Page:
You are skiing the same trail you’ve toured nearly every late January for the past 15 years. Conditions are just right: a cold 6 inches of powder over a firm base. There is a long hill towards the end and, as usual, you push it up that difficult half-mile or so. This time something is different. You feel real air hunger, not just the usual enthusiastic air exchange of good hard exertion. You are sweating more profusely than usual despite having shed extra layers a while back. The kicker: you have chest heaviness that, come to think of it, you have been vaguely but increasingly familiar with when exercising for the past few weeks. Trying to brush it off, you continue to push up and over the top, heeding the words of your high school cross-country coach so many years ago. As you glide silently down the velvety powder of the hard-earned downhill reward you become dismayed at how long it takes for your pounding heart and gasping to settle down. The chest pressure takes a least a couple of minutes to dissipate. Most worrisomely, you feel dead tired. You feel like lying down and just resting. How strange, normally your energy is boundless with such perfect skiing conditions.
Is something wrong? Or are you just getting old? Is it time to start “acting your age” and get used to the inexorable onset of age-related limitations? Be advised: a healthy, fit person should be able to exercise vigorously on a regular basis well into advanced age without the alarming symptoms above. Exercise intolerance should not be tolerated. This is a warning sign that something is wrong; you apparently flunked nature’s exercise tolerance test. It is time to get a medical work-up post-haste.
In the case above, the diagnosis sounds like textbook angina. Angina is an old-timey term given to constricted blood flow through one or more coronary arteries, the main providers of nutrition to heart muscle. The constriction can be a relatively stable condition caused by a slowly progressive narrowing of the arteries or it can be caused by a more dangerous sudden blockage caused by blood clots forming within diseased arteries. Both problems are caused by a disease called atherosclerosis.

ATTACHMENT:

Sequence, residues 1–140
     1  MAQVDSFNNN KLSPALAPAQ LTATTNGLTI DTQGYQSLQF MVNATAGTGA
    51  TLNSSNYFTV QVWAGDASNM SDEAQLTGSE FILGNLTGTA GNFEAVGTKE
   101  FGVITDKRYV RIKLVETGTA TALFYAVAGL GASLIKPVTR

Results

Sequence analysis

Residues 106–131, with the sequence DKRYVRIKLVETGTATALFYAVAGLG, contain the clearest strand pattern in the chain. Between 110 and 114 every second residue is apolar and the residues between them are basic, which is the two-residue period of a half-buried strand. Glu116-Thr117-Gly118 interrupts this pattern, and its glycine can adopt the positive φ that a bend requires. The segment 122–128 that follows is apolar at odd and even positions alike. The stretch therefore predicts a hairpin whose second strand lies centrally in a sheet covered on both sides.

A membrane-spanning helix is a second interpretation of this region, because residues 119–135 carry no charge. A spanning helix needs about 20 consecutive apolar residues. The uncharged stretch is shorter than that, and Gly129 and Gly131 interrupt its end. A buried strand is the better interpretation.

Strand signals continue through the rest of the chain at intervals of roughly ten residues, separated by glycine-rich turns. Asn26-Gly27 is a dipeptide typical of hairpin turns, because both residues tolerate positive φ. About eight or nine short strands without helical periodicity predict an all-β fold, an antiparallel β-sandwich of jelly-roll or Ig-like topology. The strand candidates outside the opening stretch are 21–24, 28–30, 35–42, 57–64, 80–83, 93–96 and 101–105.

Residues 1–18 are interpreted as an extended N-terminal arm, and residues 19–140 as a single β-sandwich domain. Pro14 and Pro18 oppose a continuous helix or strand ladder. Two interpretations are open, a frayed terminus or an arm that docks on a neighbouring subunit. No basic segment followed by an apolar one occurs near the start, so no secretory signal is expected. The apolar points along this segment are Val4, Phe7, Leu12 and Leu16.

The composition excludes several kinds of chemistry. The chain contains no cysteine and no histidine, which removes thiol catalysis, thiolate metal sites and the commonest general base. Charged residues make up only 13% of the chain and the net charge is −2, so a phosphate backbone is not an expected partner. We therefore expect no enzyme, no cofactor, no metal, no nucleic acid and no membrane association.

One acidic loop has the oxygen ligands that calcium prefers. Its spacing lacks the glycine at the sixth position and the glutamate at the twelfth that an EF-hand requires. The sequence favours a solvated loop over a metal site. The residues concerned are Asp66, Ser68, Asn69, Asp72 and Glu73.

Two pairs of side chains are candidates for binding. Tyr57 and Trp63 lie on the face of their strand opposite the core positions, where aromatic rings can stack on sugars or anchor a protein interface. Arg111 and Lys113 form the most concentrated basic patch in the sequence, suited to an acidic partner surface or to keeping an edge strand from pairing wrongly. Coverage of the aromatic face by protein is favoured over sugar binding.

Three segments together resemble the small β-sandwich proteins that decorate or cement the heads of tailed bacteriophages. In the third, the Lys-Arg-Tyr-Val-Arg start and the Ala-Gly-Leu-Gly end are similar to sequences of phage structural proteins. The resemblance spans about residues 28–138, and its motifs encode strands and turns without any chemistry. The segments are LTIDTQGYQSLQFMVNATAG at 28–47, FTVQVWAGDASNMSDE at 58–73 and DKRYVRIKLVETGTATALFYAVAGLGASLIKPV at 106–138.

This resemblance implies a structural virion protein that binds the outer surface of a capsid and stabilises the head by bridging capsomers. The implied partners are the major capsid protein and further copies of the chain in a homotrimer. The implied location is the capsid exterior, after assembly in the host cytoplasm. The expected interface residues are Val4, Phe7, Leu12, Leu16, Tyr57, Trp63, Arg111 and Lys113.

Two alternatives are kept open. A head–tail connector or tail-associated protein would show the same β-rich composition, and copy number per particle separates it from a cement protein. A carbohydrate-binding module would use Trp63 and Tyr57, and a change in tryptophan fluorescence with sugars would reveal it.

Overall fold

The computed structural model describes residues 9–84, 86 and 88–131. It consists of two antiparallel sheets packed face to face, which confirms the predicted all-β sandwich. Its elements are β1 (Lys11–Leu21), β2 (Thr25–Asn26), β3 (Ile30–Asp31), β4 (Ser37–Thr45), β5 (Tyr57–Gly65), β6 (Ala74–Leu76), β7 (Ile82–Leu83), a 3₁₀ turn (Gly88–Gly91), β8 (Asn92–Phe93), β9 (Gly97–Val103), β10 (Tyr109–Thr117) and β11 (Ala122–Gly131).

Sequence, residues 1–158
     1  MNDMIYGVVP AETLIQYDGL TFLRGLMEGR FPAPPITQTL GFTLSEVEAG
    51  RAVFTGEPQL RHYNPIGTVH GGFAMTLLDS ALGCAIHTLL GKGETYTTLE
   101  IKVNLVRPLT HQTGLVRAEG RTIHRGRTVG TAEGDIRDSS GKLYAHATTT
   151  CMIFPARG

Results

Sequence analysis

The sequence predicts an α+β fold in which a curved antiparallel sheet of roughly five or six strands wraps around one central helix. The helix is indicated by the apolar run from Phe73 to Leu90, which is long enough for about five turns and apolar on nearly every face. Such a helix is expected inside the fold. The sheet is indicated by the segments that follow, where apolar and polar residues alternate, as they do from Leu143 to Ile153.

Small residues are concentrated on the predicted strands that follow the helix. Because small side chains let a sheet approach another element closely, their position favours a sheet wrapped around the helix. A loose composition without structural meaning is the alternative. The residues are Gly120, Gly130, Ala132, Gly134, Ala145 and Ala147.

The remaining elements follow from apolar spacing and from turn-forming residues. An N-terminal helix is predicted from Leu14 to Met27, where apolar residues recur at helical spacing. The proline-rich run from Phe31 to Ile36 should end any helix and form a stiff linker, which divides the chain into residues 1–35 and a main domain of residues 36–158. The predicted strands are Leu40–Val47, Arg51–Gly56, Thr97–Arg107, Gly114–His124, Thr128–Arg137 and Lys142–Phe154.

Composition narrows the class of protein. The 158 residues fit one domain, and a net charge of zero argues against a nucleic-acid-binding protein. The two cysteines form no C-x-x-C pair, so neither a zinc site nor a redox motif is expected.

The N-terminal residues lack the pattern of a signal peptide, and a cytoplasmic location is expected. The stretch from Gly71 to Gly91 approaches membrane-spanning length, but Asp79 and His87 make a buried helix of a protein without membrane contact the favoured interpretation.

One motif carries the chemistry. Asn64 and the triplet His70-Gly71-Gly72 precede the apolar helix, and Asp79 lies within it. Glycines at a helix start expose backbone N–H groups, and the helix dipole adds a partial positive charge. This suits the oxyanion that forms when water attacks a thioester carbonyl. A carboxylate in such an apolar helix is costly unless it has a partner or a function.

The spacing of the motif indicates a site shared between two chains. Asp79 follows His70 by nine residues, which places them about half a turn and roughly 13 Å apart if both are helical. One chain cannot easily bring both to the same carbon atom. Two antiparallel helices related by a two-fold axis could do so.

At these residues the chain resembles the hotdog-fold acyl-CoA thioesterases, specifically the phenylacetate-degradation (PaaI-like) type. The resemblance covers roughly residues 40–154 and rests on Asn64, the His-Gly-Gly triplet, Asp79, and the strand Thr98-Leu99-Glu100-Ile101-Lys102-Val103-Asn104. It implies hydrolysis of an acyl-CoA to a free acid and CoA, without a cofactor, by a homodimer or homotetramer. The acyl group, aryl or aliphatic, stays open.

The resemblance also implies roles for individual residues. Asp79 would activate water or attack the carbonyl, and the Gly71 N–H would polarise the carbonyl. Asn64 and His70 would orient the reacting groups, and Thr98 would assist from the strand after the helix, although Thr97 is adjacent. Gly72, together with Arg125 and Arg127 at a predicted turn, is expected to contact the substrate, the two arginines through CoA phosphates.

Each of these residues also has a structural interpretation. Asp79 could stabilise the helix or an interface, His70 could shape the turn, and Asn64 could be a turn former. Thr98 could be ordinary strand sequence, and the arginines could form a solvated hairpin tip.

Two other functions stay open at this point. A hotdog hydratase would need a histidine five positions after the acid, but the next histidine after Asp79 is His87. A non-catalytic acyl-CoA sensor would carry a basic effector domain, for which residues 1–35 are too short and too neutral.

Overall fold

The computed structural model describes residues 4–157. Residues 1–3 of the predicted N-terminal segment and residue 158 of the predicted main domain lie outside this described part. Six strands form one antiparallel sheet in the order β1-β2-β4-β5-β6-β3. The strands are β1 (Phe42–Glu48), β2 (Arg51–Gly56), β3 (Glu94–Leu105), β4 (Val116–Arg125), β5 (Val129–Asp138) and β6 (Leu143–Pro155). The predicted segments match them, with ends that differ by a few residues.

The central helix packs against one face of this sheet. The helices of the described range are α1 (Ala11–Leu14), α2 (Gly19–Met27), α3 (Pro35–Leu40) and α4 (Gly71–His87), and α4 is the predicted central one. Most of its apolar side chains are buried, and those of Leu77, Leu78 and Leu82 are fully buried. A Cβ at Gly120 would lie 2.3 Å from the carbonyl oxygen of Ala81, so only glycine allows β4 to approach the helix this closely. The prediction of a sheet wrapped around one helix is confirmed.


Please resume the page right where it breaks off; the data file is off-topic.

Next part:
Symptoms of angina can be classic as described above or can be more atypical, especially in diabetics and in women. Atypical symptoms can include nausea, back pain, or indigestion in addition to the more typical chest discomfort, fatigue, shortness of breath, or sweatiness.
Failure to identify and treat angina can result in a heart attack, the prolonged total blockage of a coronary artery in which heart muscle dies. This can be a rapidly fatal condition without state of the art treatment and monitoring. Those who survive may become disabled due to the inability of a damaged heart to perform all its duties as a blood pump.
Many risk factors for developing atherosclerosis and angina are largely well-known to the public: smoking, diabetes, obesity, inactivity, high cholesterol, family history of heart disease, and high blood pressure. Other risk factors not so well known include use of anti-inflammatory medications, hormones, and certain drugs of abuse.